Jewish Archaeological Studies in European Antiquity and Medieval Central Europe

The Bet Tfila Research Centre for Jewish Architecture in Europe has published a new book on Jewish archaeology in European Antiquity and medieval central Europe by Prof. Ole Harck of the Department of Prehistoric and Protohistoric Archaeology at the Christian-Albrechts-University in Kiel – Archäologische Studien zum Judentum in der europäischen Antike und dem zentraleuropäischen Mittelalter.

Bet Tfila writes:

In the settlements and towns of European Antiquity and Central European Middle Ages, Jews constituted a minority in the Pagan or Christian majority of the population. The numerous tangible traces of Jewish life differ scarcely from the archaeological findings of the majority of the population. Only such religious build-ings as synagogues, ritual baths, and burial sites show a different, functional type of architecture. Furthermore, Jews used certain special liturgical utensils, which can only be identified as Jewish ritual objects by the Jewish symbols and Hebrew inscriptions found on them.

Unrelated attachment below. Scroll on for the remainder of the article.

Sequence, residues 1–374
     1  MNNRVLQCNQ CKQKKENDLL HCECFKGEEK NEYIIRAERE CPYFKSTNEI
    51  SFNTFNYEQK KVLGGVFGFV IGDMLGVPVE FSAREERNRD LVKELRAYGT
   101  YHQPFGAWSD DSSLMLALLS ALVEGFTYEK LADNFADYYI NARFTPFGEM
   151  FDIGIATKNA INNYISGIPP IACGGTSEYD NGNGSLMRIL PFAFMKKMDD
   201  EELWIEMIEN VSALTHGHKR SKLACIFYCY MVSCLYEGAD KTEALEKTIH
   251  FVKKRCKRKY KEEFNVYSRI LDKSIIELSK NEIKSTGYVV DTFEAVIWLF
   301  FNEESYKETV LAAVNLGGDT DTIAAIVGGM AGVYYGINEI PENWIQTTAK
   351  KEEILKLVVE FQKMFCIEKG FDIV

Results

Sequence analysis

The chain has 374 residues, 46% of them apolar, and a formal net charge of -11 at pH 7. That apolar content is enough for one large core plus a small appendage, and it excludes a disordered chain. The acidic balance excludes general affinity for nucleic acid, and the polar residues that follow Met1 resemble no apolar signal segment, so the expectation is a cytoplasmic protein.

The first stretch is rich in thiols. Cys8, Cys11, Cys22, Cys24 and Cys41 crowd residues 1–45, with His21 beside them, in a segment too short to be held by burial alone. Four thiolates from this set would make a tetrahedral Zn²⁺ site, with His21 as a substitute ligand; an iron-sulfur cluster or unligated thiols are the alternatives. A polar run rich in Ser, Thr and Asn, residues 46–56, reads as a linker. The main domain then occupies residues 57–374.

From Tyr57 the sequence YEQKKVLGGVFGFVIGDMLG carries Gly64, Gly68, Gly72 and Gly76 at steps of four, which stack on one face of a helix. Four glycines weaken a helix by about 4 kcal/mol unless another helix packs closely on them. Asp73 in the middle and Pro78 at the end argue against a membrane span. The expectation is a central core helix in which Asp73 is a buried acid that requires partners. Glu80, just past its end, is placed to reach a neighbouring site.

In his book Studies on Jewish Archaeology, Ole Harck for the first time provides a comprehensive view of archaeological findings originating in the Central European Middle Ages, which are clearly Jewish, highlighting these important findings of European Antiquity.

 

Book details:

Archäologische Studien zum Judentum in der europäischen Antike und dem zentraleuropäischen Mittelalter
21 x 25.5 cm, 656 pages, 195 b / w illustrations, hardcover
ISBN 978-3-7319-0078-8; € 69
Petersberg: Michael Imhof Verlag, 2014

 

 

 

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